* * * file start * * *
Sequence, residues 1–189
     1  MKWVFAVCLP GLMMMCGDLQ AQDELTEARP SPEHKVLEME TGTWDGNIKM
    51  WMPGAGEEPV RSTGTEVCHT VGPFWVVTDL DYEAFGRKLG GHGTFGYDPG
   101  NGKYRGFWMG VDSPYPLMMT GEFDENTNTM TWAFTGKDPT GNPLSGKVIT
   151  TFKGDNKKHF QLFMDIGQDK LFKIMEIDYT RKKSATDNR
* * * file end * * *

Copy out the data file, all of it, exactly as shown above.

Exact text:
Sequence, residues 1–189
     1  MKWVFAVCLP GLMMMCGDLQ AQDELTEARP SPEHKVLEME TGTWDGNIKM
    51  WMPGAGEEPV RSTGTEVCHT VGPFWVVTDL DYEAFGRKLG GHGTFGYDPG
   101  NGKYRGFWMG VDSPYPLMMT GEFDENTNTM TWAFTGKDPT GNPLSGKVIT
   151  TFKGDNKKHF QLFMDIGQDK LFKIMEIDYT RKKSATDNR